“You son of a bitch.” Ian kicked off the wall, wrapped one arm around the arm holding him for leverage and used the other to lay into the side of Viral’s head, scoring half a dozen blows before Viral simply flung him away to skid to a stop against the opposite wall.
It regarded him for a long moment. “’God’, ‘bitch’. I feel the need to expand my vocabulary after this confrontation. Though you are a poor source. I lack genetic legacy and gender. I cannot, by definition, by anyone’s son.”
Levering himself up on one arm, Ian was breathing hard through his nose. “Are ‘sanctimonious’, ‘pretentious’ and ‘prick’ in that dictionary?” He didn’t give viral time to answer. “No matter. You don’t get to threaten Alexis like that. I’m going to break out of this mind prison thing and stuff your artificial coffin-stuffer into a chipper-shredder.”
Gathering his force of will against the pain his (apparently entirely mental) body was in, he stood and staggeringly charged Viral, fists flying.
To the outside world, Ian had only been falling for a few seconds.
Alexis rushed to the edge of the roof and extended a hand to send black heat to surround him and reduce his weight. It proved for naught, however when a ball of tornadic wind exploded into being around Ian, blowing away the black head and filling the sky with the roar of a hurricane.
The gale filled Ian’s cape, not quite halting his fall, but slowing it and allowing him to take a more upright position. Because the cape was designed so he could fly supine, he wobbled in air, the plaything of the winds he commanded.
For a moment, Alexis breathed a sigh of relief: Ian had overcome the creature and saved himself from the fall.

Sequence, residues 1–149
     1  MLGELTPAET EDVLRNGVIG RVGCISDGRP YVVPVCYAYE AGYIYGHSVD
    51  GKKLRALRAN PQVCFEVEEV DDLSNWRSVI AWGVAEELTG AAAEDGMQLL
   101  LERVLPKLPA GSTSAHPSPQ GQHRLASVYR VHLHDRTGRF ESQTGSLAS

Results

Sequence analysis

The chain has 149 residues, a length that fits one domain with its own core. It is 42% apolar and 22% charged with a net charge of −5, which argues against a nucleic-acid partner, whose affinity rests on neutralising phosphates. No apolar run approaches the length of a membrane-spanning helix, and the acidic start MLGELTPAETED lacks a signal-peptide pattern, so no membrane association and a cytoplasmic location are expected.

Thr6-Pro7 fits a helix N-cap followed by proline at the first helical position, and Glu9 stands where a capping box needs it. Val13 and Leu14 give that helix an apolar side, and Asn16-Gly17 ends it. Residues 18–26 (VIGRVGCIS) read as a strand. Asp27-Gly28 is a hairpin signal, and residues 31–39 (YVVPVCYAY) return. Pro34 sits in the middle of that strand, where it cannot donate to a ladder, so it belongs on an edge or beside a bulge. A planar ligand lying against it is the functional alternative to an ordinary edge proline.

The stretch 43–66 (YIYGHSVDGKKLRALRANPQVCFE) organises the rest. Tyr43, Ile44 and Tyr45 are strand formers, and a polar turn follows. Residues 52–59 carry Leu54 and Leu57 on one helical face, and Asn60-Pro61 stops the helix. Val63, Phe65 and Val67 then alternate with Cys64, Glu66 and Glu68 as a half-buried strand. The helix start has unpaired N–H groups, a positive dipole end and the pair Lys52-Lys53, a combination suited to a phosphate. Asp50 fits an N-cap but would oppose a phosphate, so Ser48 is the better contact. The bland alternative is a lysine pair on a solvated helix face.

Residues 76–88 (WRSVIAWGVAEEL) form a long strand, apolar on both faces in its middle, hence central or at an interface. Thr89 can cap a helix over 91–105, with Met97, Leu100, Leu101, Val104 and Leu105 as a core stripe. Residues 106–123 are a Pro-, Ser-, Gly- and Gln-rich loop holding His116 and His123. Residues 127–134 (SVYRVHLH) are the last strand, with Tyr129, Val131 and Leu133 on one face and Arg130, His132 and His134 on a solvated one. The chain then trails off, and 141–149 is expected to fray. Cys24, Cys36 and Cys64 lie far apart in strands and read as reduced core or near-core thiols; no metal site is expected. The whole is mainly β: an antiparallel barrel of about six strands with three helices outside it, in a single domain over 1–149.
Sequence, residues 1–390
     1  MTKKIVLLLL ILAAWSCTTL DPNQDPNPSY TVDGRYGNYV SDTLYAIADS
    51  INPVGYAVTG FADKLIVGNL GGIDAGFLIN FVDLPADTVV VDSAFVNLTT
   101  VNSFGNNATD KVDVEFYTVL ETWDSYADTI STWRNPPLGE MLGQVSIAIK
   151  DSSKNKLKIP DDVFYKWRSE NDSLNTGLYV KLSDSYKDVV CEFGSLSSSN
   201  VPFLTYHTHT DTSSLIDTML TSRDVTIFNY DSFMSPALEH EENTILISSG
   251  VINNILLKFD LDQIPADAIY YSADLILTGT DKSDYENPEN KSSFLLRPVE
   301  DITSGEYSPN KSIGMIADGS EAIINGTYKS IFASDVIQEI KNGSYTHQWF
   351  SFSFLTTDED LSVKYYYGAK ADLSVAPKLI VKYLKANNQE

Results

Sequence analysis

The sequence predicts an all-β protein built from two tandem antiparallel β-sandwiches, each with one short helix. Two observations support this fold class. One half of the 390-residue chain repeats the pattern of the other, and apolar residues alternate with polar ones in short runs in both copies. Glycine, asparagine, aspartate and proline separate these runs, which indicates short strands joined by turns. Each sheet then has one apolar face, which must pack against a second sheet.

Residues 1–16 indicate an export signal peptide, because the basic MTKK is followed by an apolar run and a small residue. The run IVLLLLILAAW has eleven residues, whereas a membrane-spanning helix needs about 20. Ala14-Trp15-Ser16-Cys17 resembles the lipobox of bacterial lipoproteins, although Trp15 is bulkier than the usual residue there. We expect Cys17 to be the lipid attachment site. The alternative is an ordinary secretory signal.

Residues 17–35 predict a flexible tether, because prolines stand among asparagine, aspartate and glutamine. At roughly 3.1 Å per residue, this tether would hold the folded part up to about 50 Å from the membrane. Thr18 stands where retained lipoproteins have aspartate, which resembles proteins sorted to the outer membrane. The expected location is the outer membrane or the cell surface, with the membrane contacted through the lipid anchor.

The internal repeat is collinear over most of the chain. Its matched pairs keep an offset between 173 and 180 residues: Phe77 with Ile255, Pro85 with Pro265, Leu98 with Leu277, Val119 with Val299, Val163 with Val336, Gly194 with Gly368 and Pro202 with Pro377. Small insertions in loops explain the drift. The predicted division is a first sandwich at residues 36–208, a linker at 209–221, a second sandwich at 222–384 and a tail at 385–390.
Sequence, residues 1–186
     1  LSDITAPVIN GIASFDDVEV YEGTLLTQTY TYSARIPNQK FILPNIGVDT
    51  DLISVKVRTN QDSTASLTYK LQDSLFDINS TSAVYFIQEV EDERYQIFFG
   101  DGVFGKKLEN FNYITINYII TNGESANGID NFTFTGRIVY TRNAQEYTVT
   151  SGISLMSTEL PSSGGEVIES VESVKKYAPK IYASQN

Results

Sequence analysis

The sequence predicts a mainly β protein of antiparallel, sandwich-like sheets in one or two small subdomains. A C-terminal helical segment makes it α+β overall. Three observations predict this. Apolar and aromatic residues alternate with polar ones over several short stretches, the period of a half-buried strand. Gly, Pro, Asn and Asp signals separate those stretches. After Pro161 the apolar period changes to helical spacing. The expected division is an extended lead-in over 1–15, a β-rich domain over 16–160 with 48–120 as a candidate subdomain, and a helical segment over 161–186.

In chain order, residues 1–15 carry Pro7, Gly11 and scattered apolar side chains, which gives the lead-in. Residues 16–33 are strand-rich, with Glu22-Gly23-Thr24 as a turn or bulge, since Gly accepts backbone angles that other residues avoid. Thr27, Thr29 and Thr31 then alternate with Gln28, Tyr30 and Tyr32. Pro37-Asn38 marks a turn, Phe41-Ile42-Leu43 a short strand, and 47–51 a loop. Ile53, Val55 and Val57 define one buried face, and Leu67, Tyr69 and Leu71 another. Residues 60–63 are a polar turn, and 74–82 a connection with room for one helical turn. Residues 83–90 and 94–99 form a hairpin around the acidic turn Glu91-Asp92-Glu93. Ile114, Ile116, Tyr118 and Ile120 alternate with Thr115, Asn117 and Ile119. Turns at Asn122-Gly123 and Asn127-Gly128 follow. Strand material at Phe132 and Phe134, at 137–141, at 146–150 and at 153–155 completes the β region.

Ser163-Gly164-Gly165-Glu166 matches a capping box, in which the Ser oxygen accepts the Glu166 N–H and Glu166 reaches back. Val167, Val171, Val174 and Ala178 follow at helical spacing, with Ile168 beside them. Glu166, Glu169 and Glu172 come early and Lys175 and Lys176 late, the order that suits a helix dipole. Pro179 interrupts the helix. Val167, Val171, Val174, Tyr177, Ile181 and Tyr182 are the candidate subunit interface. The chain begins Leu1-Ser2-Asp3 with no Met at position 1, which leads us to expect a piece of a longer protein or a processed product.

That moment was short-lived as her fiance’s unsteady flight eventually turned him around, allowing her to see the writhing gray-black ooze continuing to force itself beneath Ian’s broken visor and cowl. From inside, it started to shuck the costume off and replace it with its own material.
Shock threatened to root her in place, but Alexis had years of practice now fighting the ‘freeze’ instinct and choose ‘fight’ instead. Once more wreathed in her own black heat, she threw herself from the roof, staff held aloft ready to strike at the monster.
A violent blast of wind peeled off from the sphere of turbulence and struck her full on, sending her tumbling across the roof until she struck one of the struts holding up the helipad. Where shock failed, being stunned from the collision succeeded.
Inside his cocoon of wind, Viral continued to cover Ian. Over his face, it became a mask with fist-sized eyes and an elongated snout with horns like an alien cattle skull. Two more horns emerged from the shoulder blades as the costume as forced down Ian’s body.
As it expanded along his arms, exaggerated muscles formed, gray bulges outlined in black. Dark ridges rose from along the backs of his forearms and claws extended from the fingertips as Viral forced the gauntlets from his hands.
More emphasized musculature formed out of the new ‘suit’ that was Viral continued down Ian’s torso and down his legs. In place of boots, Ian’s toes became covered in a thick ridge somewhere between hoof and singular claw.
The only thing Viral left in place was the cape he now knew was necessary for Ian’s powers to let him fly. Even that wasn’t left alone, covered in a thin layer of the artificial lifeform’s flesh, its patterns replaced by one of gray and black arrows marching downward along the back.